• The Hot Rock

    The Hot Rock

    ★★★½

    'Afghanistan Banana Stand.'

    The Hot Rock doesn't exactly fit into the early seventies New Hollywood collective of gritty and violent crime dramas, British director Peter Yates aiming to counter that with something a bit more upbeat and less intense, which probably explains why it's been so overlooked and forgotten about. That's a shame because whilst certainly not the best heist movie around, it's terrifically directed—Yates was no stranger to the caper genre at this point, with the likes of Robbery

  • The Great McGinty

    The Great McGinty

    ★★★½

    'You got to crawl before you can creep, right?'

    Preston Sturges famously sold the script for The Great McGinty to Paramount for $10 on the condition that he could direct it—now that's one hell of a way to get your foot in the door of Hollywood. A riotous political satire, this immediately launched Sturges into the forefront of American comedy, already displaying a supreme talent for spunky, high energy dialogue, economical editing and scrappy social consciousness in this rags to…

  • Good Bye Lenin!

    Good Bye Lenin!

    ★★★½

    A very personal drama masquerading as a comedic political satire, Good Bye Lenin! uses the fall of the Berlin Wall as the backdrop to tell a moving tale of one family torn between two opposing ideologies and of nostalgia for a way of life now confined only within recent memory.

    Writer-director Wolfgang Becker hasn't done much else of note since, which is a shame because this is such a wonderfully observant, wryly funny film with a lot of heart that…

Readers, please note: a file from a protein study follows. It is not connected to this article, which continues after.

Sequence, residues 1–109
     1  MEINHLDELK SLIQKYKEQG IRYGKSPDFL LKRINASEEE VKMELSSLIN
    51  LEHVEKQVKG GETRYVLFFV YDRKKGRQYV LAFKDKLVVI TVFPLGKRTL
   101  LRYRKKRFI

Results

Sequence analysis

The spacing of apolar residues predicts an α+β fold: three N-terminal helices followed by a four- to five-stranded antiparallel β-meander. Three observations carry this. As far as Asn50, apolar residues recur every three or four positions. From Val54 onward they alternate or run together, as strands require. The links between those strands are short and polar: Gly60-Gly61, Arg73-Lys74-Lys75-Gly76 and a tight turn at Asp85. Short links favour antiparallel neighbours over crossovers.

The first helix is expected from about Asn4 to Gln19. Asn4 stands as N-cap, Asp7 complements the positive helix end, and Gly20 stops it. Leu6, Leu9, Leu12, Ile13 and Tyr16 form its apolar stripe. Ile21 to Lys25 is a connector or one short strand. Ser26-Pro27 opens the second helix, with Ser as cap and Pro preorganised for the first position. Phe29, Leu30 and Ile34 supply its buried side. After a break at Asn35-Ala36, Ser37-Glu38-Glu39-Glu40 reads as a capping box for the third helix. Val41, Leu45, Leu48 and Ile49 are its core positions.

• The Prowler

    The Prowler

    ★★★½

    A deliriously bawdy noir thriller with a skin-crawlingly creepy performance from Van Heflin as a beat cop turned obsessive lover, The Prowler is a daring, boundary pushing film written by the blacklisted Dalton Trumbo and directed by the soon-to-also-be blacklisted Joseph Losey before his permanent exile from Hollywood. Perhaps portraying something considered so institutionally good as a cop as a lecherous sex pervert was considered a bit strong at the time, but such abuses of power and trust have occurred…

  • Bright Future

    Bright Future

    ★★★½

    'I can see the future in my dreams. I've always been that way, I don't know why, but for a while now, I've hardly dreamt at all.'

    Having made his mark in the J-horror craze with the likes of Cure and Pulse, Kiyoshi Kurosawa then made an unexpected but welcome ​transition into far more atypical water as a versatile master of genre-traversing fluidity, each new film seeming to adopt an uneasy position between a standard framework and the director's own…

  • Bamboozled

    Bamboozled

    ★★★½

    An overwhelmingly heavy-handed and brash satire, although given the socio-political urgency of his work, Spike Lee is a director who has made a name for himself by being confrontational and certainly not someone you expect subtlety or nuance from. Putting race in the film, television and entertainment industries under the microscope, Bamboozled is an ugly film about an ugly subject matter that forces audiences to think about what they're seeing and to critically re-examine the unpleasant history of racial prejudice,…